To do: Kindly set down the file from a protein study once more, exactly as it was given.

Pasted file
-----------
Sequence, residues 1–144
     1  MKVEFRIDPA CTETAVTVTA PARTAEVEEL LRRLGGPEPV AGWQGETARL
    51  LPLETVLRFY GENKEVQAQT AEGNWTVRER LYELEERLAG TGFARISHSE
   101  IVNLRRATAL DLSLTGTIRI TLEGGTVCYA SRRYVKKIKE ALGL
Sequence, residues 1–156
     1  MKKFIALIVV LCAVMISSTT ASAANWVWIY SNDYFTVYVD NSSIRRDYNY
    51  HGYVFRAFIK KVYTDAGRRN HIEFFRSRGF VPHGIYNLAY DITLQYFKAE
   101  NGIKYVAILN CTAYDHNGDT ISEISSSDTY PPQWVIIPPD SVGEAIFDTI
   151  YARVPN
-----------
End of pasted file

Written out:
Sequence, residues 1–144
     1  MKVEFRIDPA CTETAVTVTA PARTAEVEEL LRRLGGPEPV AGWQGETARL
    51  LPLETVLRFY GENKEVQAQT AEGNWTVRER LYELEERLAG TGFARISHSE
   101  IVNLRRATAL DLSLTGTIRI TLEGGTVCYA SRRYVKKIKE ALGL
Sequence, residues 1–156
     1  MKKFIALIVV LCAVMISSTT ASAANWVWIY SNDYFTVYVD NSSIRRDYNY
    51  HGYVFRAFIK KVYTDAGRRN HIEFFRSRGF VPHGIYNLAY DITLQYFKAE
   101  NGIKYVAILN CTAYDHNGDT ISEISSSDTY PPQWVIIPPD SVGEAIFDTI
   151  YARVPN